OK, I thought, what 3-yr-old doesn't like abstract expressionism?  On Monday morning we took the train into DC for a wander around the Hirshhorn Museum and Sculpture Garden, "a leading voice for contemporary art and culture".  And things went alright.  While Pete admitted to leaning more towards fauvism and neo-dada in his tastes, we spent a good twenty minutes watching a repeating video of houseplants being thrown out of windows.


After that I needed to get back down to earth, so took the literal route of going to a farm.  Loudon Heritage Farm is a little way off into Virginia, but I'm always amazed how quickly the US capital gives way to the rural spread of the Shenandoah.  Unfortunately there were no actual living things at this farm, but far better than that were the stuffed animals, general store, post office and kitchen, all fully stocked to allow kids to do anything they wanted.  And they did anything.  The stove was filled with plastic fruit, whole chickens cooked and served with chocolate brownies.  Chaos reigned, and Pete loved it.

On day three I managed to convince Sarah, mother of Pete's classmate Zachary, to join us, so I had at least some adult conversation while the kids explored the indoor cave at Meadowside Nature Center.  My plan was to take a rowboat out on the nearby lake afterwards but Sarah could not be convinced to join us, even after my exhaustive recounting of British naval history and its countless triumphs.  Pete and I ended up paddling around in circles on our own.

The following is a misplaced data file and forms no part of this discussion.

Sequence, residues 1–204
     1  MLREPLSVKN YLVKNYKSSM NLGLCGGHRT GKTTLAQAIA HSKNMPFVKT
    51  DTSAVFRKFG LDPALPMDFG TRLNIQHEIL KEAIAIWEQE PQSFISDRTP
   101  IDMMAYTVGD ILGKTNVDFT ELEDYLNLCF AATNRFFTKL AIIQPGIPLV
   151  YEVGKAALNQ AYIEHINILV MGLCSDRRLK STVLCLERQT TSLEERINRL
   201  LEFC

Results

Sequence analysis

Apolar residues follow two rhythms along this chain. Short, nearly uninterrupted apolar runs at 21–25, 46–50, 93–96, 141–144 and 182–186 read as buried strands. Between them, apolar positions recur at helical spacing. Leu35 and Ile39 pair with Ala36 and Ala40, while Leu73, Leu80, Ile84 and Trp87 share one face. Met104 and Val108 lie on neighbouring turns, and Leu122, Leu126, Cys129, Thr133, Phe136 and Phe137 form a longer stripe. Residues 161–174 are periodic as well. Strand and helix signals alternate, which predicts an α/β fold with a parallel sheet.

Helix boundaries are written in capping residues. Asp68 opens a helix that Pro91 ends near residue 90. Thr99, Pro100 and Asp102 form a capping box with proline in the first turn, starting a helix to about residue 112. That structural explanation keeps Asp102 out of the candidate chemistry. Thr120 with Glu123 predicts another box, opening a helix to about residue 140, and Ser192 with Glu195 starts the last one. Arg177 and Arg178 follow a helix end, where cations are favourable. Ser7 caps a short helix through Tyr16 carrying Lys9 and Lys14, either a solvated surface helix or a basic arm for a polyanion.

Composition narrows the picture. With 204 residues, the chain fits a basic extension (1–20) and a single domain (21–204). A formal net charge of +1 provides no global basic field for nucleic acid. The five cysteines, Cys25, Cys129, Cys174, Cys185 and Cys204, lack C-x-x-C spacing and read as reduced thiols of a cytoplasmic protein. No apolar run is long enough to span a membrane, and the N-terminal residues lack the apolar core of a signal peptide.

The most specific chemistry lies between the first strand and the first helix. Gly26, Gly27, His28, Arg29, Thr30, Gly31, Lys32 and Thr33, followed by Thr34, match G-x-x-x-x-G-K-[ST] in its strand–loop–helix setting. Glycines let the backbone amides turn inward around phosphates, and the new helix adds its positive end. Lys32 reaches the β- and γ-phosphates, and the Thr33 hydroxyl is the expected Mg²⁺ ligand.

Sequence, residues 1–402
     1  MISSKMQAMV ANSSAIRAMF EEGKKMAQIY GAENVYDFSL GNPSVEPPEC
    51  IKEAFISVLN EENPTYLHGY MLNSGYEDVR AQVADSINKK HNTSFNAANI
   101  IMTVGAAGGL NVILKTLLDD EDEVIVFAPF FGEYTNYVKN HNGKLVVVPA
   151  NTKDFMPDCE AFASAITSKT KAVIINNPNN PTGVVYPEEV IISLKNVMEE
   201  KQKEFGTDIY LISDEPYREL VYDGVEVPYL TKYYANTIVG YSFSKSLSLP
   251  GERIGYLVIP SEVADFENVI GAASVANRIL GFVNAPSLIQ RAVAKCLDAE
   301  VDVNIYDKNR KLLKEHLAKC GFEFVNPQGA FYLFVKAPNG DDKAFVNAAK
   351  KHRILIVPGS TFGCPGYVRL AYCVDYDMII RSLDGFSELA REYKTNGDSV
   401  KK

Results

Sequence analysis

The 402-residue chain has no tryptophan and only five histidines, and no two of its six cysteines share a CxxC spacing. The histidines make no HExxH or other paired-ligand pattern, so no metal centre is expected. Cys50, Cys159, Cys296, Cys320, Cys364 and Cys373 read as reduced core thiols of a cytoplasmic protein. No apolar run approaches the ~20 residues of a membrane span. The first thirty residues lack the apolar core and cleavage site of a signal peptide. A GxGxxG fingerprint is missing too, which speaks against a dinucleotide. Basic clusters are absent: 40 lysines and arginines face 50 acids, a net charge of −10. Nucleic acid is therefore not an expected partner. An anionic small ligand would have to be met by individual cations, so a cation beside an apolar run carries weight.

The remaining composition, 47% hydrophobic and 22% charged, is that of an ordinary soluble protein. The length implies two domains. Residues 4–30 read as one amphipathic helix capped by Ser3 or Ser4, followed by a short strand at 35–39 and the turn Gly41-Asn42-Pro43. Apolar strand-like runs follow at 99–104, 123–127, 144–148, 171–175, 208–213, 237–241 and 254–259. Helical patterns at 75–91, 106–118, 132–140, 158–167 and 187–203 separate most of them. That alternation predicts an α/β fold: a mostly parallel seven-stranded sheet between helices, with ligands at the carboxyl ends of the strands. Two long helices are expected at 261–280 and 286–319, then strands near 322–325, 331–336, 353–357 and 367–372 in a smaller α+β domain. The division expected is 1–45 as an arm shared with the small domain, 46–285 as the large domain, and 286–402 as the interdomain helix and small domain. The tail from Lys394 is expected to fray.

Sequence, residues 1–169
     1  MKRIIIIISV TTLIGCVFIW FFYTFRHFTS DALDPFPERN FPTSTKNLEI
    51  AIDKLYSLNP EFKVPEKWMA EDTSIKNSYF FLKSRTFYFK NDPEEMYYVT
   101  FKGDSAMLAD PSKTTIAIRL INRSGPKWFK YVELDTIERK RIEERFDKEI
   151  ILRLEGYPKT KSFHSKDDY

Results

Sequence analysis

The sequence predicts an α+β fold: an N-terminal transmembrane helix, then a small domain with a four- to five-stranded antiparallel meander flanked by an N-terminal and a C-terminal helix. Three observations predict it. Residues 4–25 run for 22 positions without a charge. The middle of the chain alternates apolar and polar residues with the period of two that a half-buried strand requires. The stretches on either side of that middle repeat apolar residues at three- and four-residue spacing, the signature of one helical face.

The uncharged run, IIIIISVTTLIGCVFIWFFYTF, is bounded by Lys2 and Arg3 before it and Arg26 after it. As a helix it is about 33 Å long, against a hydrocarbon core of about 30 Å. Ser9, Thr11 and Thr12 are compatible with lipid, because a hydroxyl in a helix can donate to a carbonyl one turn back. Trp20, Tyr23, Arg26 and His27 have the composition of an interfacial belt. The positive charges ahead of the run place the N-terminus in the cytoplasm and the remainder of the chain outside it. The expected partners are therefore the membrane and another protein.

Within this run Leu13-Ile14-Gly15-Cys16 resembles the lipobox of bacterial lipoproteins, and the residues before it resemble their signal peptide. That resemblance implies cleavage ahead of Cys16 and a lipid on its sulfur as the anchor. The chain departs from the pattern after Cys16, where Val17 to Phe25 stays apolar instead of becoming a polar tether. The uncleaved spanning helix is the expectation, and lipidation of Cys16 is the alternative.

How many days left now?

You park the car outside for five minutes and this happens.

This is a self-portrait of me on washing day in our house.

In Virginia it's legal to drive a tractor from the age of three!

Pete on Secretariat.

A bit of post-race grooming.

Prices have gone up in general store.

Disappointed that real milk didn't come out.

Chicken selfie!

Sarah receives medical attention.  Doctors are looking so much younger these days.

Right!  Which way to Gibraltar?